a reality. The IFES team, both while in-country and in this Pre-Election Assessment Report,
has made a number of recommendations for .actions which it feels can help to ensure that
democracy will take root in Burundi and that free and fair multi-party elections for legislature
and president will take place.
One group of recommendations focuses on revisions to the Electoral Code. The 1982 Electoral
Code served the Government well for the past ten years. The Government now is committed
to changing the code to accommodate a multi-party democracy. Much will have to be done
quickly to enable democratic elections to occur within the next twelve months. Changes in the
election system must be effected to protect the secrecy of the ballot and to provide checks
against fraud, two of the minimum conditions set by both domestic and international
expectations for legitimate elections. Establishing an electoral system that the population will
trust and believe in is the ultimate goal, and a fully revised Electoral Code is the first step in
attaining that goal.
The election calendar has not yet been set; however, early 1993 seems to be the likely time for
presidential and legislative elections. A concern regarding the election schedule is that political
parties are not yet legal and there is a fear that an early election would allow insufficient time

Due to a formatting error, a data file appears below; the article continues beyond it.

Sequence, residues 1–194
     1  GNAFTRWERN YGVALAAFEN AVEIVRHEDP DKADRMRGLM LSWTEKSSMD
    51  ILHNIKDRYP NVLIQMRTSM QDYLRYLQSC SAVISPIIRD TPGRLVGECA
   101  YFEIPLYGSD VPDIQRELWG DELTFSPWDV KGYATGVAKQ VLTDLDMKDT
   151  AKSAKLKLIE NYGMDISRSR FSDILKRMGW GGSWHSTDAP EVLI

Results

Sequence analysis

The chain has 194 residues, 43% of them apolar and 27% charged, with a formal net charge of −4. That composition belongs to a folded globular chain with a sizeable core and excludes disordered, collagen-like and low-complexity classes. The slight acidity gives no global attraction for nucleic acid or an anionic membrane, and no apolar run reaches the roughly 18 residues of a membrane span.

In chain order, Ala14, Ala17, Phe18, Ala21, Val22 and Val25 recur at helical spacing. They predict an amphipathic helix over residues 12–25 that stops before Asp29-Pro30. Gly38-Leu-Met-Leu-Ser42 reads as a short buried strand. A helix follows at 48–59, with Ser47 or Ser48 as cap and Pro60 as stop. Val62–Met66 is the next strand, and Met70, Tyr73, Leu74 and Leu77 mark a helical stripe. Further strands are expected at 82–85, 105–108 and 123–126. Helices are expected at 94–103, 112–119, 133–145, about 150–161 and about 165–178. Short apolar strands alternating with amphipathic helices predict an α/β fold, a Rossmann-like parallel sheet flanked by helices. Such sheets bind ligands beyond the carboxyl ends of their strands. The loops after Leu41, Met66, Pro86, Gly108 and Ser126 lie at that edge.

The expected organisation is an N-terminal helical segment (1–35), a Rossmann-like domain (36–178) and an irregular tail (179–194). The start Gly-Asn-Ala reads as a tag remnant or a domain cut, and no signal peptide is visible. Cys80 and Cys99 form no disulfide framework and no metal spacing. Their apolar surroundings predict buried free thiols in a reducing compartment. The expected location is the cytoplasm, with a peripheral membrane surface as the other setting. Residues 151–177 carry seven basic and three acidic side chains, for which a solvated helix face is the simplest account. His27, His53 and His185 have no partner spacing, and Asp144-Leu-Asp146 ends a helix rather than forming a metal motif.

for new parties to organize and be able to compete effectively on an even field with the long
dominant UPRONA party.
Along with the Electoral Code and calendar, another essential element of the preparations for
multi-party elections is the freedom of the press and access to the media. The second Article
of a Presidential Decree No.1/01 of 04/02/92 states categorically that "La Presse est fibre."
It goes on to say that the press is subject to restrictions set by law, restrictions that are, in the
view of the IFES team, not conducive to the free exchange of ideas and to the requirements of
an open, multi-party election campaign.
Playing a vital role in the democratic transition now underway in Burundi are two important
institutions, the church and the military. Also critical to the transition process is the ethnic
issue. All of these topics are addressed in detail in this report. The church continues to play
an important stabilizing role in Burundi, with renewed vigor since President Buyoya took
power in 1987. Its contribution to society is acknowledged by the Government and especially
by the Burundi people. The churches are involved deeply in the fields of education, health and
social services throughout the nation. The role of the military is an uneasy and changing one
for Burundians. As in most African countries, the economic crisis and depression did not pass
by Burundi without significantly affecting an already weak subsistence farm economy. The
large majority of the population live from farming on very small plots of land weakened by
mismanagement, erosion and archaic farming methods.